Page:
o  IPv6 addressing privacy [RFC4941] may be used in cellular hosts.
      However, it should be noted that in the 3GPP model, the network
      would assign new addresses, in most cases, to hosts in roaming
      situations and typically, also when the cellular hosts activate a
      PDP context. Context or a PDN Connection.  This means that 3GPP networks
      will already provide a limited form of addressing privacy, and no
      global tracking of a single host is possible through its address.
      On the other hand, since a GGSN's coverage area is expected to be
      very large when compared to currently deployed default routers (no
      handovers between GGSNs are possible), a cellular host can keep an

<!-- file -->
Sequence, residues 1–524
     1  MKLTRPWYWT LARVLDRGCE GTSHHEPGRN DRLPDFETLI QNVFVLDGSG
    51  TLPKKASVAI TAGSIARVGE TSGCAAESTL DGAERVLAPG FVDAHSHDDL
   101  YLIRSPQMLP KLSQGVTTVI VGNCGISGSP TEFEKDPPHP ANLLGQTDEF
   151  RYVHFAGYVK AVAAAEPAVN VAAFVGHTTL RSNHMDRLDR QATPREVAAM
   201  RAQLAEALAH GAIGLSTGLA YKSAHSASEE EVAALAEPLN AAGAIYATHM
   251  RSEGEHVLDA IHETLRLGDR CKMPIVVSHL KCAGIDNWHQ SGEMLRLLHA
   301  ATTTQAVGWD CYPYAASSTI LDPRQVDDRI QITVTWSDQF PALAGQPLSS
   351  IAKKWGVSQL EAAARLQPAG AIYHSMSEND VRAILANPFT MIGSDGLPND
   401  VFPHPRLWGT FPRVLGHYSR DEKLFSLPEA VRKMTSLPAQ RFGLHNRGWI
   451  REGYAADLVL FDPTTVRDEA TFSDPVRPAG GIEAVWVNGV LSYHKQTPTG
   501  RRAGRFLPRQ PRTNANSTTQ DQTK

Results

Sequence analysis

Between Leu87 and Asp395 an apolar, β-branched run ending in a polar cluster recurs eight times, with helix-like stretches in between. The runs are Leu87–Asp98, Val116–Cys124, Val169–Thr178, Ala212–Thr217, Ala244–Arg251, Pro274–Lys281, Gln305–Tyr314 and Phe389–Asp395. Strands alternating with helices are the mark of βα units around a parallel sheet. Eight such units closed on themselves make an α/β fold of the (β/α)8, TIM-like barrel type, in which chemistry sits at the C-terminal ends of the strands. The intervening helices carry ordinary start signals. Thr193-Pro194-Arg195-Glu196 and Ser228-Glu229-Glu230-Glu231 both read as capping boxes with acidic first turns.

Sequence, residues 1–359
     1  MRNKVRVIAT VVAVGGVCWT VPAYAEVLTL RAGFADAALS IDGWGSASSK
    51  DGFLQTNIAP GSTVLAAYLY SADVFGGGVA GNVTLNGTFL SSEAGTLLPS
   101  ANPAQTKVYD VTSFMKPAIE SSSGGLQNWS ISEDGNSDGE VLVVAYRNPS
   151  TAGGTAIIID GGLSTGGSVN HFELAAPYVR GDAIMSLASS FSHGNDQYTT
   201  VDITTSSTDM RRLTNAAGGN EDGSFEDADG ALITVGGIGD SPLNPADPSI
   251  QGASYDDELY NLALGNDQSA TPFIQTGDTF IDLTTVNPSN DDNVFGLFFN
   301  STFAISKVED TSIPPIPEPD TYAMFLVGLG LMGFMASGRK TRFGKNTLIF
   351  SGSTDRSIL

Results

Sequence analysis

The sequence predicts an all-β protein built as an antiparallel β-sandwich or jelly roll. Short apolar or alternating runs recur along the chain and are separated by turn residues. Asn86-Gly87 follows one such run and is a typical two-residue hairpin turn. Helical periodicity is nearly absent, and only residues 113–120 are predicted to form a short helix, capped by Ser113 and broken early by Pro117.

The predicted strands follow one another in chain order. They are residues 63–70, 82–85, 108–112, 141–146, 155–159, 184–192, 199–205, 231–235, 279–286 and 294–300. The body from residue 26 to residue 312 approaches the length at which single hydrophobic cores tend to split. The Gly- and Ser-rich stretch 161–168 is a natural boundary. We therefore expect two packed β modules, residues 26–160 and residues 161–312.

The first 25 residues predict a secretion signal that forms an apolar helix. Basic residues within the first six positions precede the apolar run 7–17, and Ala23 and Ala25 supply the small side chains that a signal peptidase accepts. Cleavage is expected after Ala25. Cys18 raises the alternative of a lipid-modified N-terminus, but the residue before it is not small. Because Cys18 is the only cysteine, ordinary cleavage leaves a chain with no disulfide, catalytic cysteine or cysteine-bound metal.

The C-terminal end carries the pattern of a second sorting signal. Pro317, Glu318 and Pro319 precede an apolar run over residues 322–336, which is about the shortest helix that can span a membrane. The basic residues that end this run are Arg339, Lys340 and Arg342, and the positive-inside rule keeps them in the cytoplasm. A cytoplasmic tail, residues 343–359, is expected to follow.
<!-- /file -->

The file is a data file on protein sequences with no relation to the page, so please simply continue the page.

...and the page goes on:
address for a long time.  Hence, IPv6 addressing privacy can be
      used for additional privacy during the time the host is on and in
      the same area.  The privacy features can also be used to e.g.,
      make different transport sessions appear to come from different IP
      addresses.  However, it is not clear that these additional efforts
      confuse potential observers any further, as they could monitor
      only the network prefix part.
   o  The use of various security services such as IPsec or TLS in the
      connection of typical applications in cellular hosts is discussed
      in Section 3 and further pointer for recommendations are given
   o  The airtime used by cellular hosts is expensive.  In some cases,
      users are billed according to the amount of data they transfer to
      and from their host.  It is crucial for both the network and the